34
by greybeard :: Tue, 11/22/2011 - 2:53pm

Are red zone interceptions predictive? It was his second of his career.

38
by kevin M (not verified) :: Tue, 11/22/2011 - 3:22pm

Eli Manning wishes there was some adjustment for 20+ yard passes that are dropped, 5 yard passes that are dropped, and completely wide open passes that are dropped.

I'm not even going to touch the "Bears are so awesome it doesn't even matter if Caleb Hanie is starting" topic.

44
by artmaccuinn (not verified) :: Tue, 11/22/2011 - 3:50pm

except that's not what was said, not even close. the claim isn't that the Bears are invincible, it's that they still have their usual elite special teams, a very solid (if not quite elite) defense, Matt Forte and an O-line that is much improved (even if just to average, tho given how abysmal it was that's a huge leap) from the beginning of the year, and that all those things, even w/Hanie at QB, still add up to a decent football team. not as good of a team as w/Cutler, obviously, but likely still good enough to make the playoffs w/the benefit of a very weak schedule. two pretty different claims, you'll agree.

46
by kevin M (not verified) :: Tue, 11/22/2011 - 3:56pm

I was responding to the person who stated the Bears would be favored in any 1st round playoff matchup even with Hanie, not the original topic of the piece.

47
by David :: Tue, 11/22/2011 - 4:00pm

Nah, I'm pretty sure they're the same thing. Just compare the two statements (edited slightly for clarity)

OP - "Bears are so awesome it doesn't even matter if Caleb Hanie is starting"

and

artmaccuinn - "...the Bears are invincible...they still have their usual elite special teams, ...elite defense, Matt Forte and an O-line that is...good
...enough to make the playoffs, ...you'll agree"

50
by kevin M (not verified) :: Tue, 11/22/2011 - 4:12pm

What are you talking about? Read comment #21.

55
by bigtencrazy (not verified) :: Tue, 11/22/2011 - 5:21pm

I am not a Bears fan. Just acknowledging that Chicago isn't as qb dependent as many other teams.

This is the team that got to the SB with Grossman at qb. And that is not the first time in his career Lovie's teams have shouldered a middling or worse qb and won games.

I don't think it's outrageous to suggest that in a team sport the loss of one guy will not cripple their chances so severely that they cannot win a first round playoff game.

61
by LionInAZ (not verified) :: Tue, 11/22/2011 - 8:47pm

We're talking about the QB here, not some random starting skill player. Teams that lose their starting QB generally don't even make it to the Super Bowl, let alone win it.

62
by speedegg :: Tue, 11/22/2011 - 9:03pm

unless thy QB's name is Grossman

78
by Eggwasp (not verified) :: Wed, 11/23/2011 - 5:14am

Or Hostetler, or Reich

64
by dmstorm22 :: Tue, 11/22/2011 - 9:16pm

In 1999, 2000 and 2001 the Super Bowl champion's starting QB in the Super Bowl wasn't the starter in Week 1.

Yes, I realize that two of them were two likely hall-of-famers (definite in Brady's case), but teams that succeed with backup QBs aren't all that rare.

We have no idea how effective Caleb Hanie (or Matt Leinart for that matter) will be. Obviously, the chance of being Brady or Warner is close to zero, but the chance of being Kelly Holcomb (2002 Browns) or Kerry Collins (2008 Titans) isn't that far-fetched.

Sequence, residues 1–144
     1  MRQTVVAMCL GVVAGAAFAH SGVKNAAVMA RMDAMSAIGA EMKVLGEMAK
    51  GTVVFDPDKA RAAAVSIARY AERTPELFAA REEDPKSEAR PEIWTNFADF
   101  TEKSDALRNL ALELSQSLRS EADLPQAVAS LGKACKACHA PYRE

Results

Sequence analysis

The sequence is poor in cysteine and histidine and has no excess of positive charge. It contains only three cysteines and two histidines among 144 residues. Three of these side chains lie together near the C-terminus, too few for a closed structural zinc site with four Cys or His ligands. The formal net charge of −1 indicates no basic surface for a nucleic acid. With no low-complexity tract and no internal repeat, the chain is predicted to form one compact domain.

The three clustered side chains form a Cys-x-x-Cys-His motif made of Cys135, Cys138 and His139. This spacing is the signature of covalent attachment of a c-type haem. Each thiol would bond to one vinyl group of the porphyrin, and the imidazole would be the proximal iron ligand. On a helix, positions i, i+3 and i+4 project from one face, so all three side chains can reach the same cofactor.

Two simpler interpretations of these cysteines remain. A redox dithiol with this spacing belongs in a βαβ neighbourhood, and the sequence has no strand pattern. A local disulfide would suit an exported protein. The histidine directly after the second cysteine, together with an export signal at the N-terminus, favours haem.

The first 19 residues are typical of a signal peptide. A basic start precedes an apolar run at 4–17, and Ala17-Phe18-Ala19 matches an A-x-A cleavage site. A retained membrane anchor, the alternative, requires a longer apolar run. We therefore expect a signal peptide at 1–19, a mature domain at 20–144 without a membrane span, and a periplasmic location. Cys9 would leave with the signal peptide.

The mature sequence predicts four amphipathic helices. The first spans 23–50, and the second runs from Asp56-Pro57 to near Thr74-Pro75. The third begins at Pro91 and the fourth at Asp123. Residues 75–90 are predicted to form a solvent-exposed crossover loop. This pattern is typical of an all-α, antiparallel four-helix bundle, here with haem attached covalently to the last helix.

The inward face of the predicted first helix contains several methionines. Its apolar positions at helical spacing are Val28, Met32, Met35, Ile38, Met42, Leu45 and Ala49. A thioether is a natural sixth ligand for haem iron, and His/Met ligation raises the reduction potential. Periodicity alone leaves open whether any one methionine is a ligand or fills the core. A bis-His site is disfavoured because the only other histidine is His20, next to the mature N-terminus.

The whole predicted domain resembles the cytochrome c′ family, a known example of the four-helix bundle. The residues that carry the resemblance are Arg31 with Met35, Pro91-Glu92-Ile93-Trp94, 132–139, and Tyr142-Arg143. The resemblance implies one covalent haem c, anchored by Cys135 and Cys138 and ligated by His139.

67
by armchair journe... :: Tue, 11/22/2011 - 10:37pm

is Hostetler for Simms too long ago to be the textbook example?

69
by dmstorm22 :: Tue, 11/22/2011 - 11:02pm

Not really too long ago, but i liked my narrative of teams doing it three straight years. Also Doug Williams did it too if I have my history right. Plunkett too in 80.

70
by armchair journe... :: Tue, 11/22/2011 - 11:25pm

its a solid set.. guess the real question is how many highly regarded teams tanked after going to QB2 for the last quarter of the season, versus these notable positive examples.

72
by Aaron Brooks Go... :: Tue, 11/22/2011 - 11:48pm

2010 Bears?

81
by Karl Cuba :: Wed, 11/23/2011 - 7:06pm

Bledsoe and Brady?

66
by armchair journe... :: Tue, 11/22/2011 - 10:35pm

"Eli Manning wishes there was some adjustment for 20+ yard passes that are dropped, 5 yard passes that are dropped, and completely wide open passes that are dropped."

..and Jake Ballard's glad this Damian Williams guy turned up.

75
by TomC :: Tue, 11/22/2011 - 11:56pm

No shit. Ballard was freaking awful. It's one thing to drop multiple passes, it's another to drop multiple passes that hit you softly in the hands, while your hands are in front of your chest, and there is no defensive player within 5 yards of you. Miss Kevin Boss much?

52
by QQ (not verified) :: Tue, 11/22/2011 - 4:17pm

"The best they face is the Packers, whose current defense bears little resemblance to last year's championship squad aside from the "G" on their helmets."

There is a little resemblance considering both teams were among the Best in the League at forcing INTs

68
by Kb (not verified) :: Tue, 11/22/2011 - 10:49pm

Watching the team they dont look much different than the beginning of 2010. Ppl forget how they cam e on in the secon d half to allow something like 10the points a game. Im staying optimistic the same thing is very possible this year. Neal coming back should have a positive ripple effect for the dlineman(raji could see more time off which would result in him being more effective) also getting an inside rusg to make it nearly impossible to double matthews constantly. Another factor im excited about is burnett getting his cast off. Before he broke his hand he was leading the league in Int and playing very close to a pro bowl level. A healthy tramon williams will go a long way also.

71
by Aaron Brooks Go... :: Tue, 11/22/2011 - 11:47pm

The defense got better in Week 8, but had the benefit of the week 17 Bye against the Bears, and the Drew Stanton Experience against the Lions.

82
by Karma Coma :: Wed, 11/23/2011 - 7:20pm

sorry.

83
by BJR :: Wed, 11/23/2011 - 7:58pm

It's ok.